Add to that the cancer thing. It has taken the last week for me to come to grips with the "terminal" aspect of late stage cancer. It is really so much easier to simply remain in denial, as I have done with my uncle. I’m not actually sure that he is terminal at this point, since it has been kept pretty quiet, but ignorance is bliss and I haven’t really wanted to know. My buddy has been thrown right in my face, and I couldn’t handle it for a while. It totally ran me over, and I’m still not sure that I can handle it, but at least I am aware of the fact of how deeply it is affecting me. Now I find out that another close buddy was told that his father has terminal stage 4 cancer as well. I guess that December wasn’t really a good month for stable cellular growth.
At least I have lost some weight recently so I have a few pounds that I can pack on with all the booze I am drinking.
My wife has been trying to point out to me that another freind of ours who was diagnosed with terminal brain cancer, with 6 months to live, has been stable for a year and a half now. When you get really down and depressed, you start ignoring those folks who want to help and bring you out of your depression, like, for example, your wife. I am really sorry for that.
It’s a lot easier to simply wallow in your own filth that take the effort to actually have hope.
I remember some NPR story about a Jewish holiday where you are supposed to be happy, no matter how things actually are. This may be a manufactured memory of mine, since I can find no information about this on the internet, but you should never let the facts get in the way of a good story.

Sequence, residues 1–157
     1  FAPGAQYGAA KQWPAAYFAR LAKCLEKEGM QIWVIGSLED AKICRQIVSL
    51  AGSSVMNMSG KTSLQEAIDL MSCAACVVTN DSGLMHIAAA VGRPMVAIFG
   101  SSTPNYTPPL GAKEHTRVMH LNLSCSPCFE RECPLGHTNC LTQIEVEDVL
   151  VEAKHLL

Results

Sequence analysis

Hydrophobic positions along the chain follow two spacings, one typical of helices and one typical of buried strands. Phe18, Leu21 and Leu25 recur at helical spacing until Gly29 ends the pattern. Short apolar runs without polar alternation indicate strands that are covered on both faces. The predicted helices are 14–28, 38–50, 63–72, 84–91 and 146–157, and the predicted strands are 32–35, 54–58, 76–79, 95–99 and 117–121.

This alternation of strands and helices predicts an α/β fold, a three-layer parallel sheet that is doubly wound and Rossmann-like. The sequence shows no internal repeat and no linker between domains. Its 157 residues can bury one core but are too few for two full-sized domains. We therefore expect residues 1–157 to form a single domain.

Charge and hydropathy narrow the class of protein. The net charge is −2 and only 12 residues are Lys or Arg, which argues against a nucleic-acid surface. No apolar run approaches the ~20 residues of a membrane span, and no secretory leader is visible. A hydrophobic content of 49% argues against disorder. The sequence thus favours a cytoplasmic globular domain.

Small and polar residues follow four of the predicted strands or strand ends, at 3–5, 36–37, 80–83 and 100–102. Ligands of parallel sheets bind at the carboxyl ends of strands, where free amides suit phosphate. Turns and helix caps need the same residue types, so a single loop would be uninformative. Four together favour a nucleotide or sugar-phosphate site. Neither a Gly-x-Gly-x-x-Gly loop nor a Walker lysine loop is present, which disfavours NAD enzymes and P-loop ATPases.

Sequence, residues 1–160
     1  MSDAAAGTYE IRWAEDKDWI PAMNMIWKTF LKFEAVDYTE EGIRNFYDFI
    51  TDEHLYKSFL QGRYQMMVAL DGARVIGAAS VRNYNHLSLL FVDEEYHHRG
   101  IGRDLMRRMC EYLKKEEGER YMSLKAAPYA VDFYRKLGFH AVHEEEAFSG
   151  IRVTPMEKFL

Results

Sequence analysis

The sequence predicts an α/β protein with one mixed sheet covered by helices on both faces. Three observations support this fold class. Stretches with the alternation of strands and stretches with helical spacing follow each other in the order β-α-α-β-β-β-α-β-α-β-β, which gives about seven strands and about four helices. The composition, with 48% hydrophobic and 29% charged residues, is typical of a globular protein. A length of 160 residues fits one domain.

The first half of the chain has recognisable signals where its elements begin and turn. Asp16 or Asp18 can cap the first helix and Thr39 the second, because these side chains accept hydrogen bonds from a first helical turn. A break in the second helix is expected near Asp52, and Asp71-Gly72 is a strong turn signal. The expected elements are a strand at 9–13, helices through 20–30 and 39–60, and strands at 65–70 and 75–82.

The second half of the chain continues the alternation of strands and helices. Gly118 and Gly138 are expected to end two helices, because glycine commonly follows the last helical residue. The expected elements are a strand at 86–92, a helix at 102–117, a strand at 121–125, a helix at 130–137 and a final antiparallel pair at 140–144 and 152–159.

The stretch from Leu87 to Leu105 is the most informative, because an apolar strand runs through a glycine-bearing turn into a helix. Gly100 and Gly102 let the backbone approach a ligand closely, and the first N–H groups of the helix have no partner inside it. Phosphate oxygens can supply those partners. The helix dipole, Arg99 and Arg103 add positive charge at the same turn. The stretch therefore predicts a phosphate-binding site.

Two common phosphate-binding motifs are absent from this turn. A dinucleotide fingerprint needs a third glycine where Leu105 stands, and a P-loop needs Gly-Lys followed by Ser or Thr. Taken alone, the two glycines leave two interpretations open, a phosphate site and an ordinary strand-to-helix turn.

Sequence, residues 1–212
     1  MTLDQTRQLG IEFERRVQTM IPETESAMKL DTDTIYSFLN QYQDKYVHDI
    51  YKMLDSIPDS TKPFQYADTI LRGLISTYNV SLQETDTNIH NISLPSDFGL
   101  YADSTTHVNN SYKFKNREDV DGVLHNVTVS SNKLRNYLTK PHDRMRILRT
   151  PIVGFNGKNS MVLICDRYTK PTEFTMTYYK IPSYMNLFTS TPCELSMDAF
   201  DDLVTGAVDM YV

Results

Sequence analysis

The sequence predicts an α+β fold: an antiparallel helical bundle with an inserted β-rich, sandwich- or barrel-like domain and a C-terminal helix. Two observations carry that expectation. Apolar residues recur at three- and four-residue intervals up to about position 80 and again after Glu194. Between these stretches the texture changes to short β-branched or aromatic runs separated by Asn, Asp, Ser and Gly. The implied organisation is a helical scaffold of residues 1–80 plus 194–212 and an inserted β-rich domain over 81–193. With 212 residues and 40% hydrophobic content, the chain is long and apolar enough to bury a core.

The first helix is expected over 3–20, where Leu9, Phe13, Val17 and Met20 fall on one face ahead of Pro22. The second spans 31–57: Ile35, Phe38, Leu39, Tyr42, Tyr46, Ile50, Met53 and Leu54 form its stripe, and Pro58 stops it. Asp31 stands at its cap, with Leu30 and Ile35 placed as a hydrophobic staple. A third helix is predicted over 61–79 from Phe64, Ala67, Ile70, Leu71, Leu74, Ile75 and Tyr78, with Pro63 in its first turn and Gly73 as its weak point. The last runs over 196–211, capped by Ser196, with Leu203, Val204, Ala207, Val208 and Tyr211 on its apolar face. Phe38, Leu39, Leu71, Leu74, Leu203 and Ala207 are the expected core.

The point being that if you acted happy, or forced yourself to be happy, it became contagious. Much the same way that being sad and depressed brings everyone else down. Funny how easy it is to forget these things when you don’t want to remember.
Along with our move, my daughter started at a new school. We have been pretty nervous about this, as she has Selective Mutism. The short form of that is that it is an anxiety disorder that means that she cannot speak in some situations. Specifically, she is in second grade, but has not spoken a single word at school since preschool. Not. One. Word.
She talks fine everywhere else, but it is a situational disorder.
So when we filled out the paperwork for the new school, we added all the information about this and explained to the teacher what to expect. On her first day, we walked her in and introduced her to her teacher. Her teacher looked at her, smiled, and asked her her name.
She replied, "Sasha"
That was the first word she had ever spoken at school. I almost cried. She kept answering the teacher’s questions while we were there. After we left, she was talking to the kids in class, and after class.
We had visited psychologists for months to help her with coping skills, and t see what to do, but changing the environment was the breakthrough. You begin to think a situation is hopless, until something gives you hope. In this case, it came to us because of other actions.
Maybe we need to manufacture a bit for the other problems.